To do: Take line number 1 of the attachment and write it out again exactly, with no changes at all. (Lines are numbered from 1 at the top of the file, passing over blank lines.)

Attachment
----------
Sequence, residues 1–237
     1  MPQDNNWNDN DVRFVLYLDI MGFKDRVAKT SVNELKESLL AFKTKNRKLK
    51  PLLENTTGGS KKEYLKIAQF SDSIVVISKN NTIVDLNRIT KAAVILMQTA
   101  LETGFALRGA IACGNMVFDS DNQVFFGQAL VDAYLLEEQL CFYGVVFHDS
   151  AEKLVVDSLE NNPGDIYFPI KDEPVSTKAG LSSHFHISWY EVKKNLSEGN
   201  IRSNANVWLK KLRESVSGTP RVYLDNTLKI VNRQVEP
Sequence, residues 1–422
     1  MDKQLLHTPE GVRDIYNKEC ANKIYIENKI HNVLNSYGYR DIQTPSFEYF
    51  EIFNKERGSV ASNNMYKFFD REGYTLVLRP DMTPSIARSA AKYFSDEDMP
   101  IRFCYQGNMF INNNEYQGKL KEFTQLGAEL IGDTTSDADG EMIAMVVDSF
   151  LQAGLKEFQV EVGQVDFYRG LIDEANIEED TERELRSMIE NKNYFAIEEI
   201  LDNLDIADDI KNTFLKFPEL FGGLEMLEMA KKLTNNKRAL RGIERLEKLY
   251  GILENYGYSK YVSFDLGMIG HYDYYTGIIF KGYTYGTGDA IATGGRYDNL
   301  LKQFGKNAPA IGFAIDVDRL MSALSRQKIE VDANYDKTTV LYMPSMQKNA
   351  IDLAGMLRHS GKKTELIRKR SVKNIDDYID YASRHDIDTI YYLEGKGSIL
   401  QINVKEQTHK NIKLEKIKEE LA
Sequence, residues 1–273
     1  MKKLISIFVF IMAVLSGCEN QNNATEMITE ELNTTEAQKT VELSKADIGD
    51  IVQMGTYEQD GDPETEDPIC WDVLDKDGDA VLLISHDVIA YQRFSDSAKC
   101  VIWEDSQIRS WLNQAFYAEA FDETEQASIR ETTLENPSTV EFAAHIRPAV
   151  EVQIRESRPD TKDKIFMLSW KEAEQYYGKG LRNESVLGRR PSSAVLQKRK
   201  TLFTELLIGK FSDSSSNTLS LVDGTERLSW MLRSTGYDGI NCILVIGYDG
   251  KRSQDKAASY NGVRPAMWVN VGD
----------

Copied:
Sequence, residues 1–237